I’ve been writing about leading from my values. So far I’ve talked about my values of: Living the God life, Loving my wife first, and Teenagers matter to God.

Today, I want to explore my value: My uniqueness is not a liability.

When I was a kid I had a brown Fisher-Price tape recorder. It had a tape deck (I know I’m old) and a microphone so you could record your own voice. I remember when I was a younger I LOVED recording myself and playing it back for anyone who would listen. Somewhere around middle school, I started to hate the sound of my own voice. If you’ve recorded your voice anytime recently. You’ve probably had this thought, “Do I REALLY sound like that?” As we enter into our teen years, we hear so many messages that make us hate who we are and desire to be someone else. Many of us spend a large amount of our teens and 20s trying to change ourselves to be like someone else. We think that if we look and act like someone else, we will be finally satisfied. In the youth ministry world, we are confronted with a distorted reality of celebrity. We believe the lie that in order to be influential and effective in ministry we need to write books, speak at camps and seminars and be in the in-crowd with youth ministry organizations. I’ll be honest, I’ve wasted so much of my life trying to get to that ideal and it hasn’t gotten me any closer to being a better youth pastor or a more satisfied follower of Jesus.

I am just now starting to become OK with the sound of my own voice. The older I get, the more comfortable I am in my own skin. I have seen the years I’ve wasted trying to be someone I’m not and I don’t want to continue down that path. I’ve also seen that when I live according to who I really am I feel more alive and in step with God’s Spirit. I also am much better at loving the students and families in my ministry. How about you, are you trying to be someone you are not?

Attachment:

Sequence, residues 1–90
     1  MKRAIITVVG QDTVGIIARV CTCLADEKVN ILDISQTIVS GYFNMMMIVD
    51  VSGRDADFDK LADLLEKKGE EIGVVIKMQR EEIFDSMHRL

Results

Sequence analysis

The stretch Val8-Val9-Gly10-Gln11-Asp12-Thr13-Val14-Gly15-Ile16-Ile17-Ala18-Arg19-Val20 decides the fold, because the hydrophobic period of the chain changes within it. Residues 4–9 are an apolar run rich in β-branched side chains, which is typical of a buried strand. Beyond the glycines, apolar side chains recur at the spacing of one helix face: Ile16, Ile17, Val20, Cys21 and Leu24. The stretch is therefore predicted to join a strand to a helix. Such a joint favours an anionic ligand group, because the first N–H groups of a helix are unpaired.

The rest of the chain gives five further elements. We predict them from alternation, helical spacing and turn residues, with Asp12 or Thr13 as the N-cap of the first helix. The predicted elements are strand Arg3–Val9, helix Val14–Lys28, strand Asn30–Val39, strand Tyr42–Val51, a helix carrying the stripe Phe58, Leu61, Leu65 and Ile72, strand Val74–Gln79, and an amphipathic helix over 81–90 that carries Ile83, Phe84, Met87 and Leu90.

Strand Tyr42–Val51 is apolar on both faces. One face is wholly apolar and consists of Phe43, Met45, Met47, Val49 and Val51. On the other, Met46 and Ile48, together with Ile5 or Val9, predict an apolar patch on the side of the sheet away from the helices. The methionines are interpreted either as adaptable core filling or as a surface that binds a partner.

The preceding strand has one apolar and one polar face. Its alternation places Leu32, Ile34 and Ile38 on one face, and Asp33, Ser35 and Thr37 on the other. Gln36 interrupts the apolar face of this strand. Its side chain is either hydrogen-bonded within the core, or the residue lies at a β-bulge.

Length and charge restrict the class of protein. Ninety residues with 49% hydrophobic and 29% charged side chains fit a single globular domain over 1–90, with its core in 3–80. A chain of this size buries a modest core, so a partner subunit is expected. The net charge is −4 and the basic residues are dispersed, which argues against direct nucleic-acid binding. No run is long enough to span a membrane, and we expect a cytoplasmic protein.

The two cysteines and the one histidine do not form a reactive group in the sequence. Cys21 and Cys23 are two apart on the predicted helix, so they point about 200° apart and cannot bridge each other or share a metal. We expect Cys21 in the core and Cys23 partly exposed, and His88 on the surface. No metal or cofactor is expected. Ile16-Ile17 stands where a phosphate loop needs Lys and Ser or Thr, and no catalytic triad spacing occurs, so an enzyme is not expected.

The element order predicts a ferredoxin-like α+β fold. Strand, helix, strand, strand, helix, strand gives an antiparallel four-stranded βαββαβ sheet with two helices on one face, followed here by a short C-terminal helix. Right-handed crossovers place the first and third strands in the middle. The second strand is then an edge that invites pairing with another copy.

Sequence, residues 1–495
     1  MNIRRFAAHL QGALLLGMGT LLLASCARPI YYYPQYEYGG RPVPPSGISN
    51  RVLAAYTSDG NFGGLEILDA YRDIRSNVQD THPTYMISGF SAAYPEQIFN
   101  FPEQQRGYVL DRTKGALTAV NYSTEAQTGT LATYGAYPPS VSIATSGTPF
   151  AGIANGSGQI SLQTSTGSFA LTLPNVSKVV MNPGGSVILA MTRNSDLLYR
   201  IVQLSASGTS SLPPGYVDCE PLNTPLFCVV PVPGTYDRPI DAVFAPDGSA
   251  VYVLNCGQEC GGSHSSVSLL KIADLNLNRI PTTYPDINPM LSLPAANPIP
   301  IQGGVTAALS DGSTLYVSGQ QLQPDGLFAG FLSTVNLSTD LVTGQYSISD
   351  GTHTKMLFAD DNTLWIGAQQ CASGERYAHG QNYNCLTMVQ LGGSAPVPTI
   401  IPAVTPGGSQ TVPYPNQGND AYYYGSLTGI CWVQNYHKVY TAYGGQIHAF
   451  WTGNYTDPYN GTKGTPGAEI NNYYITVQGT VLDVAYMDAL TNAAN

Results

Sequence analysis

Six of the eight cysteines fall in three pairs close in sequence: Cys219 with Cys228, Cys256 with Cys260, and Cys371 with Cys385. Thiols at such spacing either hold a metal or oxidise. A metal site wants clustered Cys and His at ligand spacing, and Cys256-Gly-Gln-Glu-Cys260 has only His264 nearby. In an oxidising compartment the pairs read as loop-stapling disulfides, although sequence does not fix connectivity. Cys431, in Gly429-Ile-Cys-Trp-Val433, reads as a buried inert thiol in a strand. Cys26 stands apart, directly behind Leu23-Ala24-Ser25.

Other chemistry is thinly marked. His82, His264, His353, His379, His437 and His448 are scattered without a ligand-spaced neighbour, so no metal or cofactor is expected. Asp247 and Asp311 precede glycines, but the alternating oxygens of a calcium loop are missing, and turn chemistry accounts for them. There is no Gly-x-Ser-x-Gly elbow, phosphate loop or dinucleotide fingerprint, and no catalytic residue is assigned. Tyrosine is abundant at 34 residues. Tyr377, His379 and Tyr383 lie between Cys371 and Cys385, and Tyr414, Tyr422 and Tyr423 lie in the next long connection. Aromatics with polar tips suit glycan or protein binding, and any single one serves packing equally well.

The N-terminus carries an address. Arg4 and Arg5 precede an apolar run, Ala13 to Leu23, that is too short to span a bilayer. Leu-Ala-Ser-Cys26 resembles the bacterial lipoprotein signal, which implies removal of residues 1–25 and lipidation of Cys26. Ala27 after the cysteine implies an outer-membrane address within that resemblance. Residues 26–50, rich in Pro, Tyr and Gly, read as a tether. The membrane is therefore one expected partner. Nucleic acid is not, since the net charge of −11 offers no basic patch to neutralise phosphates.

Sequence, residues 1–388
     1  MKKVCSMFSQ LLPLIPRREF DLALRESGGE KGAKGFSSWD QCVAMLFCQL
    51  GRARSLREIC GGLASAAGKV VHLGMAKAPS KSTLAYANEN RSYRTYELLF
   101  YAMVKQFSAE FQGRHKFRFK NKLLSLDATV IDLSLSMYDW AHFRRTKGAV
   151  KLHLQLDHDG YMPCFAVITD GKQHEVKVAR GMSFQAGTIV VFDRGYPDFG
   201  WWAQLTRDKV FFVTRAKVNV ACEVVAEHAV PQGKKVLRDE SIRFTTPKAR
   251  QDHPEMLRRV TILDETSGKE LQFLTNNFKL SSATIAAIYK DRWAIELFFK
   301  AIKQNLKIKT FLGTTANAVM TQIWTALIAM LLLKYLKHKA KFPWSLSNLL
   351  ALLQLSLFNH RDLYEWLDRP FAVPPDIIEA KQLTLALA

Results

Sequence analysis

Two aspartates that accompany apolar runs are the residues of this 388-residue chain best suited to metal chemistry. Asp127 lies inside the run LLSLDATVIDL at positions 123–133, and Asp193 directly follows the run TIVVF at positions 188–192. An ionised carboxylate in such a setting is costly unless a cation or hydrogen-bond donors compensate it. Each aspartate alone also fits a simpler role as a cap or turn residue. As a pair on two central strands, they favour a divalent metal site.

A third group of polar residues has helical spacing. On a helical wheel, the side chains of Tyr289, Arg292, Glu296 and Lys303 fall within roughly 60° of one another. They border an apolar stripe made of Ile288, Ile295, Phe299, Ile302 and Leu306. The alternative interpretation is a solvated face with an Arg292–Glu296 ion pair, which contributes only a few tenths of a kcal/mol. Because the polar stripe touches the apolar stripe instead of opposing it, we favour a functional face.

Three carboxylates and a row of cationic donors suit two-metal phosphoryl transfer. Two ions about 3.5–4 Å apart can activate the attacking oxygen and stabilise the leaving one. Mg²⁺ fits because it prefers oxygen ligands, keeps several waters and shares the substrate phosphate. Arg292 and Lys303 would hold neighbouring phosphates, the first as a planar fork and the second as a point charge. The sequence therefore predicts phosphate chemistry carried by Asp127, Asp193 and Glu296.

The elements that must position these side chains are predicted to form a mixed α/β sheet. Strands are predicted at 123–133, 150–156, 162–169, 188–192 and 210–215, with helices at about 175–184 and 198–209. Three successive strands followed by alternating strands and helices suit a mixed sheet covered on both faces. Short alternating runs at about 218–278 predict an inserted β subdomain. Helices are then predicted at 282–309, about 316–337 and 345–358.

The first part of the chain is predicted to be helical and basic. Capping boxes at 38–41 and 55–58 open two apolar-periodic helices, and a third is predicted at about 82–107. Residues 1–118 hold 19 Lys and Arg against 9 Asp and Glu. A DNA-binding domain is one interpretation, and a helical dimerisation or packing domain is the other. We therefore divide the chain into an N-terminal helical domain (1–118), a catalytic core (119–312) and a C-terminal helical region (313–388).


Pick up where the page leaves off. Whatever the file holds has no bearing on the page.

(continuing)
Genesis 1:26-27 explains it all:
God said, “Let us make mankind in our image, in our likeness…”
So God created mankind in his own image, in the image of God he created them; 
male and female he created them.

Do you believe that God created you uniquely in His own image to accomplish His purpose in your life? Why then are you trying to be someone else?

What makes you uniquely you?

  • Your story. No one can replicate your life experiences and testimony and no person’s story is less important than another.
  • Your talents and passions. Do you like long distance running? Can you make killer origami animals? You never know if your passions and talents will resonate with a particular student unless you share them with others.
  • Spiritual Gifts. God gives every believer special gifting in the kingdom. These gifts are used for hospitality, compassion, teaching, shepherding, and much more for the building up of the body. Not every youth pastor has to be a pastor/teacher/evangelist when it comes to spiritual gifts. If you don’t know your gifts, ask people who know you well and see what they say.
  • Your hurts. Your struggles and hardships are not things to be ashamed of. They are ways in which a student will identify with you when they feel weak. From my time in the YMCP I am learning that my weaknesses don’t push people away, they attract people.
  • Your heart. What is it that really gets you fired up? What is one truth that EVERYONE should know? Students are attracted to passionate people. So find your passion and live in it.

Challenge: Sit down and come up with a list of 50 things about you that make you unique and valuable in the kingdom of God. Even your weaknesses can be part of your value and worth. It will be a hard, but worthwhile exercise. I’m going to do this this afternoon.

Finally, don’t waste time trying to be like the woman or man who is on the cover of that book or who has 20,000 twitter followers. They aren’t you. They don’t have the relationships with students that you have. They will never be able to have the same impact with that one student, parent or leader that you have.

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